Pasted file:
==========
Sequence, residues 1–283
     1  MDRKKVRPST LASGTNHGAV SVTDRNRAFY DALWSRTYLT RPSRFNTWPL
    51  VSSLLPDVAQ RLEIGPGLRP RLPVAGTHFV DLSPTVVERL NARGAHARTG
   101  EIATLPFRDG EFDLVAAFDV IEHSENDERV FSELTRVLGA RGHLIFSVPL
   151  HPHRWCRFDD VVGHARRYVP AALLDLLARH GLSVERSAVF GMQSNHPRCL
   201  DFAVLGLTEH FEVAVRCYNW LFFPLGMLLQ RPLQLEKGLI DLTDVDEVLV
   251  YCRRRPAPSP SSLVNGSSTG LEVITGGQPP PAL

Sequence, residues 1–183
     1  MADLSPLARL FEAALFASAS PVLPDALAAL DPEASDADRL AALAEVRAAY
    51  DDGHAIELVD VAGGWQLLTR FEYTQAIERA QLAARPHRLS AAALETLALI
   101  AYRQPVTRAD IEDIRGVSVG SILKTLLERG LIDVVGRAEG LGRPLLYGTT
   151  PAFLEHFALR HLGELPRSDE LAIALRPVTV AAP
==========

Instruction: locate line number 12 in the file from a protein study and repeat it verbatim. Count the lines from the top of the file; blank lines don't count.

   151  PAFLEHFALR HLGELPRSDE LAIALRPVTV AAP